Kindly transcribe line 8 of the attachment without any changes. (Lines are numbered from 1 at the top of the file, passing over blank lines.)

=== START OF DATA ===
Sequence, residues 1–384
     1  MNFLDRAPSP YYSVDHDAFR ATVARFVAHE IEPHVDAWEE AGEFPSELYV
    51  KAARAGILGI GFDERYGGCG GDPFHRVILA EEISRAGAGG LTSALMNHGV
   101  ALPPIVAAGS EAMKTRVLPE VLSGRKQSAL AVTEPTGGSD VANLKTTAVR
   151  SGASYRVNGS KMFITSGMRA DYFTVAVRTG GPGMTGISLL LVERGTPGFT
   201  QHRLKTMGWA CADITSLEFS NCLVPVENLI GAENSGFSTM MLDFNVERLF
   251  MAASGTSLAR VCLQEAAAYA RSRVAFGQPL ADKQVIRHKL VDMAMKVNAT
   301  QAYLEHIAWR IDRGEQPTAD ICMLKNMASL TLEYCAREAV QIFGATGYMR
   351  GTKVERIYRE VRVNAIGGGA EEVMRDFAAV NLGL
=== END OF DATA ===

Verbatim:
   301  QAYLEHIAWR IDRGEQPTAD ICMLKNMASL TLEYCAREAV QIFGATGYMR